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Uber will not reapply for its permit to test self-driving cars in California

The company’s permit expires next week.

A smartphone showing the Uber app on its screen being tapped by a finger Zhang Peng / Getty Images

Uber has decided not to reapply to test its self-driving technology on public roads in California in the wake of a fatal crash involving one of its vehicles in Arizona.

Which means that Uber, which has been testing more than 20 cars in California, will no longer be able to operate its autonomous vehicles on public roads in the state after next week, when the existing permit expires. The company had already stopped testing all its self-driving vehicles after the Arizona crash. Uber said it does not know when it will reapply to test its cars in California.

“We proactively suspended our self-driving operations, including in California, immediately following the Tempe incident,” Uber spokesperson Sarah Abboud said in a statement. “Given this, we decided not to reapply for California DMV permit with the understanding that our self-driving vehicles would not operate on public roads in the immediate future.”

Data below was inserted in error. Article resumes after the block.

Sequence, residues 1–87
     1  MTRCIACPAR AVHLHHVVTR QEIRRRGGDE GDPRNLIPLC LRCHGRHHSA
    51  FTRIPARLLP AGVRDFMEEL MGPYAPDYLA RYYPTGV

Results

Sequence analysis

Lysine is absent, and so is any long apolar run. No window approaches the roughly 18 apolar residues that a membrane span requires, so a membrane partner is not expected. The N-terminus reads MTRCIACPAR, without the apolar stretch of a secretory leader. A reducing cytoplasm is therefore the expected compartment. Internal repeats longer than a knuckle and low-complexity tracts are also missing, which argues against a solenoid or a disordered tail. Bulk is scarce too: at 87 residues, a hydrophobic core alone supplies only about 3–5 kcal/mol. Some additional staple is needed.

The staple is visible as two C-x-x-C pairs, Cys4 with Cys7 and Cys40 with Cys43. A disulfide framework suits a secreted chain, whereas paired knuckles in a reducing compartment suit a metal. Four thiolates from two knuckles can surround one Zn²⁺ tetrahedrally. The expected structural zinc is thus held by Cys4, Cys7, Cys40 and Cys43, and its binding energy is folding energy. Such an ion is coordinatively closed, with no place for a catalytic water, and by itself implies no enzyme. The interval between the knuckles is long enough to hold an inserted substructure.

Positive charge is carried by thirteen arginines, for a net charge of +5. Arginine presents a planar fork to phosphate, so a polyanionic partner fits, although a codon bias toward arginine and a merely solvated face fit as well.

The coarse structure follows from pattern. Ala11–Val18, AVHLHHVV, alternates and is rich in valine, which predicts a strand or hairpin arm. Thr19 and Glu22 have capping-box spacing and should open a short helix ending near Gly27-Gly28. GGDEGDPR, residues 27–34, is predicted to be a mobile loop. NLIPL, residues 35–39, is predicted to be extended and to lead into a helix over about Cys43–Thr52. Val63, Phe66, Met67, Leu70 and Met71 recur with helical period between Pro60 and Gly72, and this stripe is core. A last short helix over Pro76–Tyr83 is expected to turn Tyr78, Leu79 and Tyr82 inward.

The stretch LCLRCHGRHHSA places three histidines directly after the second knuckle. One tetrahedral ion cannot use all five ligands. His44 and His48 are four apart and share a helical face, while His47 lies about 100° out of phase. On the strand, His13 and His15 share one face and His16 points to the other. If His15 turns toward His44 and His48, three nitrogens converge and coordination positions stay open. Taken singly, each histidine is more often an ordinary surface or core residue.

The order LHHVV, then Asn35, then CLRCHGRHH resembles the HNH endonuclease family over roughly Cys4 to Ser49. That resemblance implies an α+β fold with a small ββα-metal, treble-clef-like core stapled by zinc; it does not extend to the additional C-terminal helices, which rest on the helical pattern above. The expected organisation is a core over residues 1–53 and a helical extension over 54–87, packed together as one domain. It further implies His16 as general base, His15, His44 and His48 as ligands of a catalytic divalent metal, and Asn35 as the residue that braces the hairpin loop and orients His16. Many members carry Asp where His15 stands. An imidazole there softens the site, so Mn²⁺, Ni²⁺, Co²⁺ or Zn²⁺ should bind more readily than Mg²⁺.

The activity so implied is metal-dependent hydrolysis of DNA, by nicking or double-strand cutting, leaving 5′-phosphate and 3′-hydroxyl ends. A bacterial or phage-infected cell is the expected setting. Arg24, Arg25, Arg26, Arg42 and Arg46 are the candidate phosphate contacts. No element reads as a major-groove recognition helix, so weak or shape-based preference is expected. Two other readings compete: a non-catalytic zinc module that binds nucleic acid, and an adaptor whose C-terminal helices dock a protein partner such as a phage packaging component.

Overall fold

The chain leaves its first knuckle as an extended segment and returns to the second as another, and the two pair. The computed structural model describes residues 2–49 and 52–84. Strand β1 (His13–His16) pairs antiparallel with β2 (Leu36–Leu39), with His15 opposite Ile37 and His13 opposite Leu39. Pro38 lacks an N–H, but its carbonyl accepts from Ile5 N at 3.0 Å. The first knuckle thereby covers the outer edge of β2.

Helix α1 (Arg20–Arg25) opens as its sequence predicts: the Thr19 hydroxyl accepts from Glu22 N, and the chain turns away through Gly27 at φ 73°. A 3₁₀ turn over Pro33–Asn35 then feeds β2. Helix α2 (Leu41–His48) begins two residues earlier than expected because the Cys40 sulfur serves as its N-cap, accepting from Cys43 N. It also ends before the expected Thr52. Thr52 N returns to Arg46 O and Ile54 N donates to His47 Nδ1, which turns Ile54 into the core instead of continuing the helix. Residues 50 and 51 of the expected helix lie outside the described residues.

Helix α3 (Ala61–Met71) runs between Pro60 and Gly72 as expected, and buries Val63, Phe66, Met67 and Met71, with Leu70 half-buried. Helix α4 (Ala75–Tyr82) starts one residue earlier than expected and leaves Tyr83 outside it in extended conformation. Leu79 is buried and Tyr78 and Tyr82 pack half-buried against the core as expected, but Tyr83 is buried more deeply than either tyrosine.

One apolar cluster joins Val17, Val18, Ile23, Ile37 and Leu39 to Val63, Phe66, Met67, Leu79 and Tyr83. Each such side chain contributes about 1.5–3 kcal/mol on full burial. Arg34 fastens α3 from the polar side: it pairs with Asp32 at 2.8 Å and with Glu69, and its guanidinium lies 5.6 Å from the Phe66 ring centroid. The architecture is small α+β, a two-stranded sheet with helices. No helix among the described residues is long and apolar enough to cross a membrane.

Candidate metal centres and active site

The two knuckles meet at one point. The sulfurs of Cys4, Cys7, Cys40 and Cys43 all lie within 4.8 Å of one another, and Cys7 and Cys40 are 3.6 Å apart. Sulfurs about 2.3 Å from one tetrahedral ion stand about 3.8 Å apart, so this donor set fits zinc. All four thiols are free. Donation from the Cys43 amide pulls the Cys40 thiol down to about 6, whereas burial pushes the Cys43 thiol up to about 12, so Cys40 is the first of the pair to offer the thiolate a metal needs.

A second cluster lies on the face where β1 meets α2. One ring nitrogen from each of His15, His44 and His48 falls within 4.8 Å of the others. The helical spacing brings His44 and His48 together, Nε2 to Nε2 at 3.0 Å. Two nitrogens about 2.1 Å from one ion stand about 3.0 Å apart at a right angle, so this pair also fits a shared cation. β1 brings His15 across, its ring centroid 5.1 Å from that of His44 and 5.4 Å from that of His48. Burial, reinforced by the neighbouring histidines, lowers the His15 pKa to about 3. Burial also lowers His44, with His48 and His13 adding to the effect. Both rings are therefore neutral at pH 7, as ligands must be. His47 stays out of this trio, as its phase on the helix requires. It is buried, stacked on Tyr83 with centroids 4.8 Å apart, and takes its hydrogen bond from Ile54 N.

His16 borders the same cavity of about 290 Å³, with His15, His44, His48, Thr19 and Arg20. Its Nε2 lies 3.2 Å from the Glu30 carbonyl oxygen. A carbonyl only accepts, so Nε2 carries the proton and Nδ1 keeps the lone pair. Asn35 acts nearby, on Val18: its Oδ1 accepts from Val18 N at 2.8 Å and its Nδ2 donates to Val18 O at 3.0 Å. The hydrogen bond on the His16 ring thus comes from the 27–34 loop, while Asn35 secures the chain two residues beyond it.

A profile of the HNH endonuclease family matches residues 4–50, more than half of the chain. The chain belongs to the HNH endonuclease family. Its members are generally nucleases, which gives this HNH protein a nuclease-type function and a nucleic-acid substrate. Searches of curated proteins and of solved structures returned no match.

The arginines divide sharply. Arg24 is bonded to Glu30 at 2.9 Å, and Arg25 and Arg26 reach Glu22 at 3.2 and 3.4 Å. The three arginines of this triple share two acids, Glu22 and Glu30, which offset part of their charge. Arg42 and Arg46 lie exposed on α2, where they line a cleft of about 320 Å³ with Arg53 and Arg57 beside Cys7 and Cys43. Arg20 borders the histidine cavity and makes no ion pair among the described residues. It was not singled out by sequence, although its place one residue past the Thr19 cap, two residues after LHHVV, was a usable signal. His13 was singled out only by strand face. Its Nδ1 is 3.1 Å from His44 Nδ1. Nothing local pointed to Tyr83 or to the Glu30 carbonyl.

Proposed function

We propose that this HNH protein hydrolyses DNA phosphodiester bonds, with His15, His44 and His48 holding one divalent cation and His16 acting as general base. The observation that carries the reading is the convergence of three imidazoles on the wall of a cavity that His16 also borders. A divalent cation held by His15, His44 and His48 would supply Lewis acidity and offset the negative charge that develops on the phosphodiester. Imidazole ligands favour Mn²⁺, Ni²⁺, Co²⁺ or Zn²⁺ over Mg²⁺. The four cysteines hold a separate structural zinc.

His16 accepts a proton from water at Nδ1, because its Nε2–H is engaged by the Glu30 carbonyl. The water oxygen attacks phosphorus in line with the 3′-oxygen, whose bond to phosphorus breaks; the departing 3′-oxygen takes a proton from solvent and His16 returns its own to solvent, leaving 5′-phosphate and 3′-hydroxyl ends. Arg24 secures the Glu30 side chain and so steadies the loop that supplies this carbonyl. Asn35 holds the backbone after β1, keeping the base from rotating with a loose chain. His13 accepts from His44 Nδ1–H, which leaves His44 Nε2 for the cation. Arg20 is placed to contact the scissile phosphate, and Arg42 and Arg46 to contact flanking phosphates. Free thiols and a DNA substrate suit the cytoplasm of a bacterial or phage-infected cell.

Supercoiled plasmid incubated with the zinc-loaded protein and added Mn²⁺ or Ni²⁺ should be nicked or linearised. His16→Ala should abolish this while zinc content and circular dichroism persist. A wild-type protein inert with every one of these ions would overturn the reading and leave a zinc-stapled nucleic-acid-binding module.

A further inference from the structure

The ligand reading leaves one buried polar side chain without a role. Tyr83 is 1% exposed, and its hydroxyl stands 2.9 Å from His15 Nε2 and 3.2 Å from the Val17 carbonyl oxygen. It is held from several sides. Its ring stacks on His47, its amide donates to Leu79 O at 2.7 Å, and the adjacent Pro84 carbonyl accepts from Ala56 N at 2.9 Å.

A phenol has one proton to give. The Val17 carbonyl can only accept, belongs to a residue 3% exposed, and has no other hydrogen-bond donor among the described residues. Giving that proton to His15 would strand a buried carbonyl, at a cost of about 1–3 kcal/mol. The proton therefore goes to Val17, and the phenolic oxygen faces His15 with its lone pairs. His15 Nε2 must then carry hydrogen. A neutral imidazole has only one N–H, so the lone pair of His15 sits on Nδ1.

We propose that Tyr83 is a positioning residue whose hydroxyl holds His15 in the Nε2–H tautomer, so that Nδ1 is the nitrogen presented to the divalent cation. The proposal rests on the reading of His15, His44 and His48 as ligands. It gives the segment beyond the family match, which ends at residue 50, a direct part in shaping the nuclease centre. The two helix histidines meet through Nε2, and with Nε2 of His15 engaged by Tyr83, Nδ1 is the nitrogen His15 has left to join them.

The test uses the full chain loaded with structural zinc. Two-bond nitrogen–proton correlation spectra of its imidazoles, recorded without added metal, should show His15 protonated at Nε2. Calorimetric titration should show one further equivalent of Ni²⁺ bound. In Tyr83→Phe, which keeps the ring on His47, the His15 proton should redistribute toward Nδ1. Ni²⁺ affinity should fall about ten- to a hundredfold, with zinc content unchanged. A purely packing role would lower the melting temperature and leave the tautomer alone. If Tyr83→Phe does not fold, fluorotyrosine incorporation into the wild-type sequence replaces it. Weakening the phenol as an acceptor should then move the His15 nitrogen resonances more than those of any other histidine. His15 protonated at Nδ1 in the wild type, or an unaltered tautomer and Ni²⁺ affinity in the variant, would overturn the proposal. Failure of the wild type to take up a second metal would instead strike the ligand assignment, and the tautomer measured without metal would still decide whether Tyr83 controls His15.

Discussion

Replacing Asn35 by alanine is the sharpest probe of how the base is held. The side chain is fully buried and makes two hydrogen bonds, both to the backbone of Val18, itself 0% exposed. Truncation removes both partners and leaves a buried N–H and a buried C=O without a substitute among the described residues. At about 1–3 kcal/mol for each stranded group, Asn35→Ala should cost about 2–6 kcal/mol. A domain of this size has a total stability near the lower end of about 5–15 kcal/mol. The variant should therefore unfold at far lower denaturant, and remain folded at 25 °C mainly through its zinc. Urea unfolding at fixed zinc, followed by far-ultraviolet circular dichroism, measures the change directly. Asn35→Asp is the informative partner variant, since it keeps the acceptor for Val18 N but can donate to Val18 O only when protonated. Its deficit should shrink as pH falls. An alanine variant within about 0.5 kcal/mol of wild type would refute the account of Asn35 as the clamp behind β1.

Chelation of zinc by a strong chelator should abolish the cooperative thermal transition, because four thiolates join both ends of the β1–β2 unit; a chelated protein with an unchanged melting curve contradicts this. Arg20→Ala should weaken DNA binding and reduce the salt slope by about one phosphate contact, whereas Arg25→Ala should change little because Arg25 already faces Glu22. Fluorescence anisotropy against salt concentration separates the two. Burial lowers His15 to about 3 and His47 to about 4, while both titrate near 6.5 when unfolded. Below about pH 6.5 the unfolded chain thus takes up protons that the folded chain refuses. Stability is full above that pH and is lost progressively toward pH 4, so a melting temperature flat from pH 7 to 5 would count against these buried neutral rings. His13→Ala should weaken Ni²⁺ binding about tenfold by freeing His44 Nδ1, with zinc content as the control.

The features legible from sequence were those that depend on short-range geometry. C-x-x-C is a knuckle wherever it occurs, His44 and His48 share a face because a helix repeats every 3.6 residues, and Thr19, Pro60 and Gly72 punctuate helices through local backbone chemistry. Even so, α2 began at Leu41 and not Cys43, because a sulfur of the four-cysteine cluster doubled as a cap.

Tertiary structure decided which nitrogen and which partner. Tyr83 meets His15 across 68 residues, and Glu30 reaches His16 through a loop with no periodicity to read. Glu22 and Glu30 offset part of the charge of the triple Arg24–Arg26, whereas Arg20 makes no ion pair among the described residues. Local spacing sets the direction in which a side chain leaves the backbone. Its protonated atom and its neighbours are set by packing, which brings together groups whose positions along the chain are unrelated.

If Uber wants to renew the permit, it will have to address the results from the ongoing investigation into the crash in Arizona, California Department of Motor Vehicles deputy director Brian Soublet wrote in a letter to Uber.

The ride-hail company’s relationship with the state’s DMV got off to a rocky start when Uber rolled out its autonomous cars in California without applying for the proper permits in 2016. The California DMV ultimately revoked the registration of the vehicles Uber was testing, forcing the company to ship those vehicles to Arizona.

At the time, Arizona Governor Doug Ducey welcomed Uber into the state.

However, Ducey suspended Uber’s self-driving operations in the state indefinitely as of Monday evening.

“Arizona will not tolerate any less than an unequivocal commitment to public safety,” Ducey wrote in a letter to Uber.

The governor’s office told Recode that it is waiting to see the results of the investigation into the crash before it made any further decision.

The National Transportation Safety Board and the National Highway Traffic Safety Administration have joined Tempe, Ariz., police in investigating the cause of the crash. Based on the results of the investigation, Uber could face criminal charges. The Tempe police will submit their findings to the Maricopa County Attorney’s Office to determine if criminal charges are warranted.

The ride-hail company says it is cooperating with the investigation.

Here’s the California DMV’s letter to Uber:

This article originally appeared on

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